Ryanair has hit out over air traffic control (ATC) strikes once again, saying they proved particularly turbulent last month.
The strike will take place next Thursday for a period of 24 hours.
The Irish no-frills carrier agreed to recognise trade unions for the first time in December a year ago, narrowly averting widespread Christmas strikes, after a staffing crunch gave pilots the upper hand in negotiations over pay and conditions.
There could be chaos on the way for thousands of holiday makers as Irish Ryanair pilots who are members of the Ialpa pilot union have voted overwhelmingly in favour of strike action.
Ryanair pilots working in Ireland have announced a planned 24-hour strike for next week on 12 July.
Ryanair said it was their were "disappointed" with the pilots' decision to strike, calling the walkout "unnecessary".
Pat Dawson, CEO of the Irish Travel Agents Association (ITAA) said a strike will disrupt travellers who have booked accommodation and made connecting travel plans, and will lead to additional costs to customers.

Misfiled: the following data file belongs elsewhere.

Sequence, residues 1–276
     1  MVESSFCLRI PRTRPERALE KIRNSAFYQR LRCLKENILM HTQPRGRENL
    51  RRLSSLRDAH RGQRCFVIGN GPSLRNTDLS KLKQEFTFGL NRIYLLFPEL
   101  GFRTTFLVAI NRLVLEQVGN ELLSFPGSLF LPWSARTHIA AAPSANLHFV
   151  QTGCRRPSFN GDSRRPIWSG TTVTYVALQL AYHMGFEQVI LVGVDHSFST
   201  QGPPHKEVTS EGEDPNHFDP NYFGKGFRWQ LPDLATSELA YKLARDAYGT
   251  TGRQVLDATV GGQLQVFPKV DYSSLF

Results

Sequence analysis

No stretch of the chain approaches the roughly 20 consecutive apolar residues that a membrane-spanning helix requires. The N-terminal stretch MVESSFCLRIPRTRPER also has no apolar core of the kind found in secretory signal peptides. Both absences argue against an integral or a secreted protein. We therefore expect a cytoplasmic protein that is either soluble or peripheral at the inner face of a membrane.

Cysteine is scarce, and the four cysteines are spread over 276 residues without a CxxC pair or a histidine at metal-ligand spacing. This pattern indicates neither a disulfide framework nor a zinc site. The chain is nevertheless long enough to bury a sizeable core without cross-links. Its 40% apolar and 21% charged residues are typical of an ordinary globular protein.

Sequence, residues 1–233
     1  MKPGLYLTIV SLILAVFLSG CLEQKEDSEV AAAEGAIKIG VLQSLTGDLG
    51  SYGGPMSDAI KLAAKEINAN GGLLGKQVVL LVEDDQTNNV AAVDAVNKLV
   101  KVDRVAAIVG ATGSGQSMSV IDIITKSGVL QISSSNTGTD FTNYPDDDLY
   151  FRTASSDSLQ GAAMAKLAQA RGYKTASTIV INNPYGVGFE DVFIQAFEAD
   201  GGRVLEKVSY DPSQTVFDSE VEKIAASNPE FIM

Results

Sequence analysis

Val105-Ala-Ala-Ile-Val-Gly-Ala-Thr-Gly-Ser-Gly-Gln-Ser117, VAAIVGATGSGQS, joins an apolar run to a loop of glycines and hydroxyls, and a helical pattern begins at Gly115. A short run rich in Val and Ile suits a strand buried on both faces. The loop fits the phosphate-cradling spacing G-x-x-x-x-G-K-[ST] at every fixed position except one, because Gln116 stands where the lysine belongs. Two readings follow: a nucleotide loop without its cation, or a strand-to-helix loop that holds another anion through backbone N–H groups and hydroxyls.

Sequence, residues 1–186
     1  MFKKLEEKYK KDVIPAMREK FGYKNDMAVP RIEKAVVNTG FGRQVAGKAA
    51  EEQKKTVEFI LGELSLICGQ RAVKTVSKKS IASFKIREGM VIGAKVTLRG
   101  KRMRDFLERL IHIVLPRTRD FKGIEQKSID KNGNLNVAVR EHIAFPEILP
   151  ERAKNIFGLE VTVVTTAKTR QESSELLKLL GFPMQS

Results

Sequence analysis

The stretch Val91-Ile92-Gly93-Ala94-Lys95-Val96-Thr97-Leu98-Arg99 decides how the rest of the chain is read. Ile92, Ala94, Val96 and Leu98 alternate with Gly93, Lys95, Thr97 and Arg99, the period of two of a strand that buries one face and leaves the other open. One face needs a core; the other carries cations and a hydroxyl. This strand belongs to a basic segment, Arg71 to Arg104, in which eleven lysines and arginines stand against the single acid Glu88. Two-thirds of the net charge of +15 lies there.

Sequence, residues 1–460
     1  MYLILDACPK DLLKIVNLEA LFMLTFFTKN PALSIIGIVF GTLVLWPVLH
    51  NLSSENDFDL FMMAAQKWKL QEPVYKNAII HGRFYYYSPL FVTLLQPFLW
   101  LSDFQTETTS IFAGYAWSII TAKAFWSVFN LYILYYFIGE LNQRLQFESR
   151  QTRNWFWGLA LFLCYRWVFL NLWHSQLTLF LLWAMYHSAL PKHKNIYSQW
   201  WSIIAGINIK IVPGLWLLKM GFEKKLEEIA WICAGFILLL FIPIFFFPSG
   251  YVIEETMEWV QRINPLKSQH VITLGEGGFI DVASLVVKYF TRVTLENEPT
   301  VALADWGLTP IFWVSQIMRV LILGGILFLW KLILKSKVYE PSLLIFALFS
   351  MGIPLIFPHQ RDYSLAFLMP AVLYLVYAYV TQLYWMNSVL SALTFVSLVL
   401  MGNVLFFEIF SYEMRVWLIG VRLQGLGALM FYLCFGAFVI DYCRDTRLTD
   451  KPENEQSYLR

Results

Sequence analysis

"In the meantime, we had again this morning (prior to this strike notice) invited FORSA to meet to resolve these issues at our Airside offices at 10am next Wednesday morning and we hope FORSA will take up this 19th invitation to meet".
The Dublin-based carrier said more than 1,100 flights were cancelled for the second month running due to air traffic control strikes over four weekends in June, as well as staff shortages in the UK, Germany and France.
Despite this being the norm with other airlines, it is not a policy that Ryanair have adopted.
The union is seeking an agreement that would govern base transfer arrangements and related matters.
It will be up to each union in each country to decide if they'll engage in industrial action or not if their demands aren't met.
This included: "voluntary/involuntary base transfer/allocation, command upgrade, allocation of annual leave and promotion". It claims pilots have been handed mandatory base transfers and have been denied requests for change, which has "a devastating effect on family life".